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«Tzu-Keng Fu Dissertation zur Erlangung des Grades eines Doktors der Ingenieurwissenschaften –Dr.-Ing.– Vorgelegt im Fachbereich 3 (Mathematik und ...»

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Universal Logic and the Geography of Thought –

Reflections on logical pluralism in the light of culture

Tzu-Keng Fu

Dissertation

zur Erlangung des Grades eines Doktors der

Ingenieurwissenschaften

–Dr.-Ing.–

Vorgelegt im Fachbereich 3 (Mathematik und Informatik)

der Universit¨t Bremen

a

Bremen, Dezember, 2012

PhD Committee

Supervisor : Dr. Oliver Kutz (Spatial Cognition Re-

search Center (SFB/TR 8), University

of Bremen, Germany)

External Referee : Prof. Dr. Jean-Yves B´ziau (Depart- e ment of Philosophy, University of Rio de Janeiro, Brazil) Committee Member : Prof. Dr. Till Mossakowski (German re- search center for artificial intelligence (DFKI), Germany) Committee Member : Prof. Dr. Frieder Nake (Fachbereich 3, Faculty of Mathematics and Informatics, the University of Bremen, Germany) Committee Member : Dr. Mehul Bhatt (Cognitive Systems (CoSy) group, Faculty of Mathematics and Informatics, University of Bremen, Germany) Committee Member : Minqian Huang (Cognitive Systems (CoSy) group, Faculty of Mathematics and Informatics, University of Bremen, Germany) Sponsoring Institution The Chiang Ching-kuo Foundation for International Scholarly Exchange, Taipei, Taiwan.

To my Parents.

獻給我的父母。 Acknowledgment I owe many thanks to many people for their help and encouragement, without which I may never have finished this dissertation, and their constructive criticism, without which I would certainly have finished too soon. I would like to thank Dr. Oliver Kutz, Prof. Dr. Till Mossakowski, and Prof. Dr. Jean- Yves B´ziau for assisting me with this dissertation. Warmest and sincere e thanks are also due to Prof. Dale Jacquette of the Philosophy Department, the University of Bern, Switzerland, and to Prof. Dr. Stephen Bloom of the Computer Science Department, Stevens Institute of Technology, Hoboken, New Jersey, USA, who provided me with valuable original typescripts on

Abstract

logic.

For their patience, I thank my family, and especially my parents, Mrs.

Mei-Kuei Tseng and Mr. Yu-Lan Fu. I thank my wife Mrs. Jung-Ying Fang for her love and inspirational conversations on cross-cultural psychology. Fi- nally, I thank the Chiang Ching-kuo Foundation for International Scholarly Exchange for having financed my PhD research between 2008 and 2010.

–  –  –

The aim of this dissertation is to provide an analysis for those involved and interested in the interdisciplinary study of logic, particularly Universal Logic.

While continuing to remain aware of the importance of the central issues of logic, we hope that the factor of “culture” is also given serious consideration.

Universal Logic provides a general theory of logic to study the most general and abstract properties of the various possible logics. As well as elucidating the basic knowledge and necessary definitions, we would especially like to address the problems of motivation concerning logical investigations in different cultures.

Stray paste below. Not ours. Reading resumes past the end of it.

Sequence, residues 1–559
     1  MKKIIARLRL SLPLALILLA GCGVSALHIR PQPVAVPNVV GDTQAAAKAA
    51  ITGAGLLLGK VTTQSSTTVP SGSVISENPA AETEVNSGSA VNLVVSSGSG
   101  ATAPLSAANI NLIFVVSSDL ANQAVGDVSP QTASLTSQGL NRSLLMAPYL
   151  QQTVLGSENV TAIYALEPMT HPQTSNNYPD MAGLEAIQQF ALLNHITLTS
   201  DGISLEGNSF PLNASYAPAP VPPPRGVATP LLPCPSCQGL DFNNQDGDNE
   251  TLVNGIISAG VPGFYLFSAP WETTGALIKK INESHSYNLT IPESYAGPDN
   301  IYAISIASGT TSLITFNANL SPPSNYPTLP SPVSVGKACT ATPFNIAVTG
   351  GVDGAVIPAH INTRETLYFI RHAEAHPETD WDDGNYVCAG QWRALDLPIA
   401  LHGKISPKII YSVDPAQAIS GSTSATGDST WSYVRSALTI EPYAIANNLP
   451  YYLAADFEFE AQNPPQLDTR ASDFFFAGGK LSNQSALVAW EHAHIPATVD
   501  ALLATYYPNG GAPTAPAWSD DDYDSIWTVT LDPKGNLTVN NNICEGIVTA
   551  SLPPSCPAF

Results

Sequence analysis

First of all, I begin by considering Universal Logic as understood by JeanYves B´ziau, and examine the basic ideas underlying the Universal Logic e project. The basic approach, as originally employed by Universal Logicians, is introduced, after which the relationship between algebras and logics at an abstract level is discussed, i.e., Universal Algebra and Universal Logic. Secondly, I focus on a discussion of the “translation paradox”, which will enable readers to become more familiar with the new subject of logical translation, and subsequently comprehensively summarize its development in the literature. Besides helping readers to become more acquainted with the concept of logical translation, the discussion here will also attempt to formulate a new direction in support of logical pluralism as identified by Ruldof Carnap (1934), JC Beall and Greg Restall (2005), respectively. Thirdly, I provide a discussion of logical pluralism. Logical pluralism can be traced back to the principle of tolerance raised by Ruldof Carnap (1934), and readers will gain a comprehensive understanding of this concept from the discussion. Moreover, an attempt will be made to clarify the real and important issues in the contemporary debate between pluralism and monism within the field of logic in general. Fourthly, I study the phenomena of cultural-difference as related to the geography of thought. Two general systems in the geography of thought are distinguished, which we here call thought-analytic and thought-holistic. They are proposed to analyze and challenge the universality assumption regarding cognitive processes. People from different cultures and backgrounds have many differences in diverse areas, and these differences, if taken for granted, have proven particularly problematic in understanding logical thinking across cultures. Interestingly, the universality of cognitive processes has been challenged, especially by Richard Nisbett’s research in cultural psychology. With respect to these concepts, C-UniLog (appendix A) can also be considered in relation to empirical evidence obtained by Richard Nisbett et al. In the final stage of this dissertation, I will propose an interpretation of the concept of logical translation, i.e., translations between formal logical mode (as cognitive processes in the case of westerners) and dialectical logical mode (as cognitive processes in the case of Asians). From this, I will formulate a new interpretation of the principle of tolerance, as well as of logical pluralism.